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Atheist Experience
My thoughts on TAG: "Semantics exist. Therefore, God exists."

(Prepare for long-winded but worthwhile post...lol)

Hey guys, I'm glad I found your forum! I stumbled upon clips of your show on youtube and have since been an avid viewer and fan of the great work you do. Thank you very much for everything ACA does to raise consciousness in the areas of critical thinking, belief and atheism.

I recently watched the show where Matt Slick called in and (quite arrogantly) defended his version of TAG. Matt(D) admirably tried to explain the core fallacies and unjustified assumptions within Slick's argument, but I found myself screaming at my computer, desperately pleading for someone to see the deficiency of the argument from my point of view.

Matt was explaining (over...and over...and over...ugh) to Slick how just because logic is NOT physical, doesn't mean that the only possibility is that it is some magical, divinely created property of the universe that could only arise from a god (and somehow this proves the CHRISTIAN god? lol) But I think I have found an even more blunt (respond in kind when Slick is so obtuse...) way to understand this:

All that TAG says is that [1] we can observe and describe basic properties of existence (for the sake of my argument I am describing logical absolutes in these terms) [2] these properties are not dependent on imperfect, physical beings for their existence [3] therefore a god must exist in order to sustain these properties.

The problem, I suspect, is that Slick dualistically worships any perceived absolutes so blindly that he does not even consider alternative explanations. So what if there are properties to existence? Can Slick offer a scenario in which existence could possibly NOT have stable properties? All that TAG really tells us is that existence by definition has fundamental, absolute qualities. That's it. To me, it's as compelling as a theist coming to my door and pointing at the definition of existence in the dictionary...am I missing something here?

It seems obvious to me that the properties of existence, logical absolutes like A = A, exist whether or not a mind is around to describe it with elaborate semantics--mainly because, well, logic is just a way of viewing the universe which we understand in our PHYSICAL brains by using human language and cognition. But, when Slick claims that the conceptualization of these properties must somehow exist in some metaphysical realm outside of minds (or in the mind of god?), he is violating the law of identity: A is A, it is not the "concept" or "description" of A. Why can't the physical universe simply behave in a way that follows these absolutes without us needing to invoke a magical being in order to store the concepts of the absolutes in a metaphysical filing cabinet? Again, believers never cease to amaze me with the lengths they are willing to go to, the ad hoc supernatural fantasies they are willing to unquestioningly believe before looking critically at their religion.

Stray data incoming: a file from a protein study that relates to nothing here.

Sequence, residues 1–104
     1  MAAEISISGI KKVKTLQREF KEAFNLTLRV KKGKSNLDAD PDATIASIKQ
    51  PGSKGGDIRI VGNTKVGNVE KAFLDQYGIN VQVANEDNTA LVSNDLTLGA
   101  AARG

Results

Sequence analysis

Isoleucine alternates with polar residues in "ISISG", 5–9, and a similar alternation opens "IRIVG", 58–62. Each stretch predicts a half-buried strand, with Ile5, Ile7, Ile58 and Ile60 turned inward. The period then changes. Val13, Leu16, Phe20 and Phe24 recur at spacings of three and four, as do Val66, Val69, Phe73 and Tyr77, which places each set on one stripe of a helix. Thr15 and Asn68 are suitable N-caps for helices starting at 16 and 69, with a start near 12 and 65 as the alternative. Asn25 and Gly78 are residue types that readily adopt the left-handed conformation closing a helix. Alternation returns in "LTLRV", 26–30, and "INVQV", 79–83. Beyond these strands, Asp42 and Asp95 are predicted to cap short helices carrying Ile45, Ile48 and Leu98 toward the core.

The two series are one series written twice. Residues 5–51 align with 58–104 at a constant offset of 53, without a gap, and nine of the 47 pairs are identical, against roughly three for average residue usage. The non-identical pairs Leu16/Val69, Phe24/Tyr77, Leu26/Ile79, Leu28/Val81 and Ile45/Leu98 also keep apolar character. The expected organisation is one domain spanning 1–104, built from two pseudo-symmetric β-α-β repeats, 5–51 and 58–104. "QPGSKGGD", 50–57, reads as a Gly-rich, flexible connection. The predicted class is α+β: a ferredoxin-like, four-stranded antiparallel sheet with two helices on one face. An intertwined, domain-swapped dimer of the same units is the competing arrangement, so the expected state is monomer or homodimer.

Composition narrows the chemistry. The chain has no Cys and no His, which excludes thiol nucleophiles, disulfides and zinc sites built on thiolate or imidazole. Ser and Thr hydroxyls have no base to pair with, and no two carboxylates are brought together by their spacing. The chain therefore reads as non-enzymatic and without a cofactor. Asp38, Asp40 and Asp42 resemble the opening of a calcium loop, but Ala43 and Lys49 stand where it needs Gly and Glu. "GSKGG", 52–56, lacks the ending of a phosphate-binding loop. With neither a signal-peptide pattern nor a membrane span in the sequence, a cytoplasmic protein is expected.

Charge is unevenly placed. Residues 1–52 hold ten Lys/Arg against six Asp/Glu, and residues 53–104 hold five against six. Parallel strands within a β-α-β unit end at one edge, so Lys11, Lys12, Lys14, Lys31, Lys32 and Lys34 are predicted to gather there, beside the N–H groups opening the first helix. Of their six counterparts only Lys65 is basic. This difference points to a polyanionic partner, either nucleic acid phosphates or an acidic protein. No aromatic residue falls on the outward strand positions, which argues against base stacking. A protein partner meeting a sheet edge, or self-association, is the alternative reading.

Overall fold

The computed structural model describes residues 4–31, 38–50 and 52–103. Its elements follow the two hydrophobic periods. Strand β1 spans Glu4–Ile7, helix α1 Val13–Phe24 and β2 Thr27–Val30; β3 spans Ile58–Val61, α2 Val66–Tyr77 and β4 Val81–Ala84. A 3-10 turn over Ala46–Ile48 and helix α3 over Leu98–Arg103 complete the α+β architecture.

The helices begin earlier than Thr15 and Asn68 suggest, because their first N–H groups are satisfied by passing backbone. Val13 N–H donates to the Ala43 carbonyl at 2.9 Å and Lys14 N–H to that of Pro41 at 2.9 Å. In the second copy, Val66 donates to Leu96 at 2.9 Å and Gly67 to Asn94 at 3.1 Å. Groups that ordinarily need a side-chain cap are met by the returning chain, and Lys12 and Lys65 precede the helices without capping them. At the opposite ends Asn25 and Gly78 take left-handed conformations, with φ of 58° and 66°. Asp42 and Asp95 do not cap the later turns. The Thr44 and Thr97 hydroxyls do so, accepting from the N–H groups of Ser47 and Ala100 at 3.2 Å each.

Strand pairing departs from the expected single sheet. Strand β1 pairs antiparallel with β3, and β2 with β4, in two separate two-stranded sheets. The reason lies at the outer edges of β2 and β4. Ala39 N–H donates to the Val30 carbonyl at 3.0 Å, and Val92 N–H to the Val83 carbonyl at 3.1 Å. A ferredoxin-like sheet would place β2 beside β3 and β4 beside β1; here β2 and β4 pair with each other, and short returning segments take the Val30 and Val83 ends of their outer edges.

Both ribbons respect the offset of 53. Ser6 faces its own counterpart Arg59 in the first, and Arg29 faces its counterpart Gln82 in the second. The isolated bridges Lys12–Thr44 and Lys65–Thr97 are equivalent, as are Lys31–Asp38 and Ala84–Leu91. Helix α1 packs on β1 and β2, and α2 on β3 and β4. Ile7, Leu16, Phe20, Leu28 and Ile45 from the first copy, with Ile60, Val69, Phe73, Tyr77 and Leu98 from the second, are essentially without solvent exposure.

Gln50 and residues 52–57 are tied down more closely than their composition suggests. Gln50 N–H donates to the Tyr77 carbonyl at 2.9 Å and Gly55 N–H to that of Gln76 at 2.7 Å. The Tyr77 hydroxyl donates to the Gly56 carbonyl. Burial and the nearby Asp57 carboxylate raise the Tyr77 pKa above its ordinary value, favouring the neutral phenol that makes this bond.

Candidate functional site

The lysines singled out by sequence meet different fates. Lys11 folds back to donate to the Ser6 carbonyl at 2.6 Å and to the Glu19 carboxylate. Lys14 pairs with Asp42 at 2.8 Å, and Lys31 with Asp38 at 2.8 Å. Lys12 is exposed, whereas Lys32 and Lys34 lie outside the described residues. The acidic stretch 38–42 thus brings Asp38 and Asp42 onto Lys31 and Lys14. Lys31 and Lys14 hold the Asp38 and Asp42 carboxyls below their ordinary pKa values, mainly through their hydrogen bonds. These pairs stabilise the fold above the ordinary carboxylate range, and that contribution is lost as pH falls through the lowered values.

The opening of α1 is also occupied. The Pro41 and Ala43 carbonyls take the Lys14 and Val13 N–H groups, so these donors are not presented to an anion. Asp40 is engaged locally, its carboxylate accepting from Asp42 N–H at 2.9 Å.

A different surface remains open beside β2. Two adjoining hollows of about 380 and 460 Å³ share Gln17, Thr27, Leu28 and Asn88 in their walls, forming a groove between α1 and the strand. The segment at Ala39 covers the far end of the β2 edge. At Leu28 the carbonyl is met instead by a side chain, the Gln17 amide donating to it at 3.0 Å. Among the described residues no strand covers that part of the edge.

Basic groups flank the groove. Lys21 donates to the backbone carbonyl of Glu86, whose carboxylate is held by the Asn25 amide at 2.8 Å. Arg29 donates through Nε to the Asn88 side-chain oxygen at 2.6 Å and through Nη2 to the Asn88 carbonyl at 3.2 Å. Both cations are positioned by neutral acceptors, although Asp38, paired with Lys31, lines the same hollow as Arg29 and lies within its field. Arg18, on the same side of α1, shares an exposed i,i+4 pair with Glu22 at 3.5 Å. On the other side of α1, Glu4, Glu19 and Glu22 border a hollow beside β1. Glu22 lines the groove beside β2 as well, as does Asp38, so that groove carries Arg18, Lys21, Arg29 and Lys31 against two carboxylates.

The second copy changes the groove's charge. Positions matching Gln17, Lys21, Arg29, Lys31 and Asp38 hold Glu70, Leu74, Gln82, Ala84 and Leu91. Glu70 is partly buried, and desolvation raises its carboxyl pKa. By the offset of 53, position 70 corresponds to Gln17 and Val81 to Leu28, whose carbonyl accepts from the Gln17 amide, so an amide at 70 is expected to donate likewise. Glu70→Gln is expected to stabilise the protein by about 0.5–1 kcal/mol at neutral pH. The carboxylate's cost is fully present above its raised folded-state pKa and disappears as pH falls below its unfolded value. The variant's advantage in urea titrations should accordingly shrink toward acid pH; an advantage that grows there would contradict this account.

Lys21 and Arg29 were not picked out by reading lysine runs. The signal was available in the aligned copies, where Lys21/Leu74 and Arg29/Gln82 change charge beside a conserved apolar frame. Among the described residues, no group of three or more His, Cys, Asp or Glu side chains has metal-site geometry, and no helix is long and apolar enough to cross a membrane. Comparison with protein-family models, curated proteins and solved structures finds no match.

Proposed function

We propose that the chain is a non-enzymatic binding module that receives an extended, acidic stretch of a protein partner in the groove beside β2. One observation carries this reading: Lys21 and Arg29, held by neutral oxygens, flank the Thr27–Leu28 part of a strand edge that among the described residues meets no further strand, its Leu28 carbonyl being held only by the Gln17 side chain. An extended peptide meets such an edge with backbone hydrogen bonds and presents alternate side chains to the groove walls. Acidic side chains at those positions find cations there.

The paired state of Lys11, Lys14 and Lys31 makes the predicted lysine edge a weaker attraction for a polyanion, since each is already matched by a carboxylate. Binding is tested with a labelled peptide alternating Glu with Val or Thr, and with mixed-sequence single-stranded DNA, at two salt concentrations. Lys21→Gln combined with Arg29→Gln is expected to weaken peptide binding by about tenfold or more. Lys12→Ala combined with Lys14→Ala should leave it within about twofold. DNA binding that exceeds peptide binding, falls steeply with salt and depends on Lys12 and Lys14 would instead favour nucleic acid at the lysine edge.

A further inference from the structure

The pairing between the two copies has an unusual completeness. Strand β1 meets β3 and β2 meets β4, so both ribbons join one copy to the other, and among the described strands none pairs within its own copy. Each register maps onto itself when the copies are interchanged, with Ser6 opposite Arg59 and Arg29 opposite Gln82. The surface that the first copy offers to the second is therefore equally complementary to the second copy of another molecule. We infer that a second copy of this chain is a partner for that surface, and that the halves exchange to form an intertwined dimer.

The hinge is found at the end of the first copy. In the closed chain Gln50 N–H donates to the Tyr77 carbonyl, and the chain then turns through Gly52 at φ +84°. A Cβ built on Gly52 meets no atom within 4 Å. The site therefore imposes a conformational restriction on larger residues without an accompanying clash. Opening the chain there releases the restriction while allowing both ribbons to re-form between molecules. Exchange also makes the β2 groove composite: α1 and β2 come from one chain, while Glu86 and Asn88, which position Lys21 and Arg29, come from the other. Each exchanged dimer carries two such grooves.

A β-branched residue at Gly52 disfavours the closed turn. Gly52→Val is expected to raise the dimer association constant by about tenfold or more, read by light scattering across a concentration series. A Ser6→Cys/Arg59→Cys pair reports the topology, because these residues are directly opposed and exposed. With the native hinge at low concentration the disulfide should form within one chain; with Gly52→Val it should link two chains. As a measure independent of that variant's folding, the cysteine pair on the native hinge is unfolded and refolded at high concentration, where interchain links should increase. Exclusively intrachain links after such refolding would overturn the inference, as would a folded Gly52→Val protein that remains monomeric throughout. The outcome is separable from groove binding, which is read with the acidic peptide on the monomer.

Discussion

I can't see why TAG is touted so strongly by apologists. Isn't it obviously just a fallacious word game? I think Matt mentioned Bertrand Russell's response to the argument, but I couldn't find any info on this when I searched. I think I am missing some details in the nitty gritty of this argument. I'm hoping someone can clarify. Until then, I hold to my version of TAG:

"Semantics exist. Therefore, god exists."

Matt Slick uses debate tactics to avoid having to prove his position. I personally wouldn't let him go on to explain his argument until he has provided a valid definition that could be "tested".

In the CARM debate he specified a definition that was contradictory. To me his argument is no better than any internet troll and I would not feed him by debating him. I would point out the inherent flaw and say its not worth discussing because your premise is flawed.

TAG is semantics. that is why you can always replace the god in their conclusions with any untestable claim. i think that is other matt's point: they are theorizing with the intent of creating an untestable hypothesis. sometimes they are just flat out obfuscating. using the same word to mean different things in what is presented as a logical progression.

Thank you for the clarification of what exactly the fallacy is....obfuscating the issue, that's exactly what they are doing. And yes, you can replace "god" with any untestable hypothesis, so why does Slick think this argument should be so convincing?